Women’s HERstory Month – Elizabeth Peratrovich

Written by on March 11, 2022

Elizabeth Peratrovich – American Civil Rights Activist, President of Alaska Native Sisterhood, Tlingit Nation Member

Elizabeth Wanamaker Peratrovich was an American civil rights activist, Grand President of the Alaska Native Sisterhood, and member of the Tlingit nation who worked for equality on behalf of Alaska Natives. Born a member of the Tlingit Nation, she was adopted by Andrew and Mary Wanamaker. Elizabeth, who spoke Tlingit and English, grew up poor while experiencing discrimination by the territory’s white residents. She was fortunate to attend Ketichikan High School, which had been integrated as a result of a lawsuit filed by a Tlingit leader. In late 1941, her and her husband moved to Juneau. There they spotted a “No Natives Allowed” sign on the door of the Douglas Inn across the channel from Juneau. With the United States having just entered World War II, they were outraged by this sign of discrimination. They wrote to Governor Ernest H. Gruening. “The proprietor of Douglas Inn does not seem to realize that our Native boys are just as willing as the white boys to lay down their lives to protect the freedom that he enjoys.” The sign, they said, was “an outrage.” That letter was the start of Elizabeth’s campaign, with the support of Governor Gruening, to pass an anti-discrimination bill through the Territorial Legislature. In 1943, however, it failed in the House by a tie vote. Despite this disappointment, Elizabeth and her husband traveled around the State urging Native Americans to join their fight for justice.

During the public comment period, she stated, “I would not have expected that I, who am barely out of savagery, would have to remind the gentlemen with 5,000 years of recorded civilization behind them of our Bill of Rights. Do your laws against larceny and even murder prevent those crimes? No law will eliminate crimes but at least you as legislators can assert to the world that you recognize the evil of the present situation and speak your intent to help us overcome discrimination.”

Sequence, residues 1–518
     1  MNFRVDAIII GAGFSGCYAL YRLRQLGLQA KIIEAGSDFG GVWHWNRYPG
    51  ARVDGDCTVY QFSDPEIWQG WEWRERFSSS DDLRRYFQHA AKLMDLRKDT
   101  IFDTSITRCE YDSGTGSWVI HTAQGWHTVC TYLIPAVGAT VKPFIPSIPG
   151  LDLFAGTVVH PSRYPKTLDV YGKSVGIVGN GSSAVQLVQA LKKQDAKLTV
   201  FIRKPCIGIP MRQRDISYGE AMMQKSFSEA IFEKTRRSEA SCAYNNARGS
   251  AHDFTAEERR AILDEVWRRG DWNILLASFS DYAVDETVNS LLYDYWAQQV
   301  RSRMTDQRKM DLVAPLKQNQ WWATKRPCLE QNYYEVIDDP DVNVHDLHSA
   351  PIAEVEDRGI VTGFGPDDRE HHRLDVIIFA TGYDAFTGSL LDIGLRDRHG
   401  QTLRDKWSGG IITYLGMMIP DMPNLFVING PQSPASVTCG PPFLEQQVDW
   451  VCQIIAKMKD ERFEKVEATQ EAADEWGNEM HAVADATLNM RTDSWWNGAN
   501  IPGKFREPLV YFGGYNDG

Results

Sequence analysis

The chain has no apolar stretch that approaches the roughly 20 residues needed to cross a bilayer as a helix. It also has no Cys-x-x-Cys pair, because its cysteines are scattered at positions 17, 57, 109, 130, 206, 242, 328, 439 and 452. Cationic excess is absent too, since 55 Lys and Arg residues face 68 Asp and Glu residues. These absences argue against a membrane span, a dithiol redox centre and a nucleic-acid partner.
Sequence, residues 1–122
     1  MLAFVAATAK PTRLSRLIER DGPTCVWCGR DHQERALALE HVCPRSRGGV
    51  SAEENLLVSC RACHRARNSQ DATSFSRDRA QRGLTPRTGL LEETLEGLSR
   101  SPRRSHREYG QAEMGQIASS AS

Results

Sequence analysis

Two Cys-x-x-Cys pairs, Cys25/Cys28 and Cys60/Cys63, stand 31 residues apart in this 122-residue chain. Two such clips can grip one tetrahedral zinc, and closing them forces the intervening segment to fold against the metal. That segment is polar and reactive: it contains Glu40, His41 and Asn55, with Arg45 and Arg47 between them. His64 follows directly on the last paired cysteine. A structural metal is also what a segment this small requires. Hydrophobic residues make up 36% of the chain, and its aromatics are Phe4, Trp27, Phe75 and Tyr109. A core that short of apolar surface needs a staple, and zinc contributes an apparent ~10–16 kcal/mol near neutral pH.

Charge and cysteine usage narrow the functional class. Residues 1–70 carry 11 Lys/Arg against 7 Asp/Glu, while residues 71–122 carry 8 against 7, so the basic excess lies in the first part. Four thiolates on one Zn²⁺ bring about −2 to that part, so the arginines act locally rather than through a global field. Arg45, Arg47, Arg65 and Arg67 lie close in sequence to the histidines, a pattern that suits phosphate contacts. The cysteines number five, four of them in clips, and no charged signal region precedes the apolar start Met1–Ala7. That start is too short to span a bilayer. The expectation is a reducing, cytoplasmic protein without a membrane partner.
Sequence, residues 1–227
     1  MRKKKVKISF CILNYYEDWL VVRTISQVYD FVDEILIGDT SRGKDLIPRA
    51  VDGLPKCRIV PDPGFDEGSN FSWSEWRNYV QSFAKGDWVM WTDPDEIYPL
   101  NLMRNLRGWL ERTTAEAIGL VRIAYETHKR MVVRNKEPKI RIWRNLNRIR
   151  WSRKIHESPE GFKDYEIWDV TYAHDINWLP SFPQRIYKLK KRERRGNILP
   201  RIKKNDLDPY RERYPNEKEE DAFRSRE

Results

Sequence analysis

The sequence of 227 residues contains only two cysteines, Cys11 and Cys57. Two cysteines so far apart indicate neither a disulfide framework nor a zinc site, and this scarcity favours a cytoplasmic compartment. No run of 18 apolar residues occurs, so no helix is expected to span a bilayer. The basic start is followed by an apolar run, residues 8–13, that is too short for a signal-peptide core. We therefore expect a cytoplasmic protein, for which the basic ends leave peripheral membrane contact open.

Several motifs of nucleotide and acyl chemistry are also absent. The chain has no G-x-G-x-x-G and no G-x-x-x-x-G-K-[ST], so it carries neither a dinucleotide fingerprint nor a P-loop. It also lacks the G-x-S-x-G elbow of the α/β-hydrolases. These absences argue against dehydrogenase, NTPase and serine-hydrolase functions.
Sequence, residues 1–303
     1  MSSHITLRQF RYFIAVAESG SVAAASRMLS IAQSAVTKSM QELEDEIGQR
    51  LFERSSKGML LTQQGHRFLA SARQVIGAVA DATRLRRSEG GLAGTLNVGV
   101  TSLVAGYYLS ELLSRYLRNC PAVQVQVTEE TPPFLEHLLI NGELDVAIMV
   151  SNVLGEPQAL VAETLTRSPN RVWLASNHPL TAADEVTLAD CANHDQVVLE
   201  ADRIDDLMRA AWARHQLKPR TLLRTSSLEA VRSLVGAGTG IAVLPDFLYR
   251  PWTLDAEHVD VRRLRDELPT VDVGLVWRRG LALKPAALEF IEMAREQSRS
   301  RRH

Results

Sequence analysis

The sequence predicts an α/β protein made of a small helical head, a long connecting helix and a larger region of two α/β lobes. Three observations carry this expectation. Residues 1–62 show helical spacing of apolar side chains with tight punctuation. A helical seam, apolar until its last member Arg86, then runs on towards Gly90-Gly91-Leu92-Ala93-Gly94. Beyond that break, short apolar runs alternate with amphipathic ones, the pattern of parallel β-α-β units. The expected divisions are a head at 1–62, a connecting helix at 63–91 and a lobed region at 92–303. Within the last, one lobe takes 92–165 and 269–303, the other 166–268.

On February 16, 1945, Governor Gruening approved the country’s first anti-discrimination law. “All citizens,” section one stated, “shall be entitled to the full and equal enjoyment of accommodations, advantages, facilities and privileges of public inns, restaurants, eating houses, hotels, soda fountains, soft drink parlors, taverns, roadhouses, barbershops, beauty parlors, bathroom, resthouses, theaters, skating rinks, cafes, ice cream parlors, transportation companies, and all other conveyances and amusements, subject only to the conditions and limitations established by law and applicable alike to all citizens.” Violators would be subject to imprisonment for up to 30 days or fined up to $250.

Nineteen years after Governor Gruening signed the law in Alaska, President Lyndon B. Johnson signed the landmark Civil Rights Act of 1964, which banned discrimination throughout the country on the basis of race, color, religion, sex, or national origin. In February 2020, the 75th anniversary of the bill the U.S. Mint released five million $1 coins commemorating the Anti-Discrimination Law of 1945, the latest in a series of coins authorized by the Native American $1 Coin Act. One side (tails) featured a portrait of Elizabeth Wanamaker Peratrovich, the reverse side (heads) featured the image of Sacagawea.


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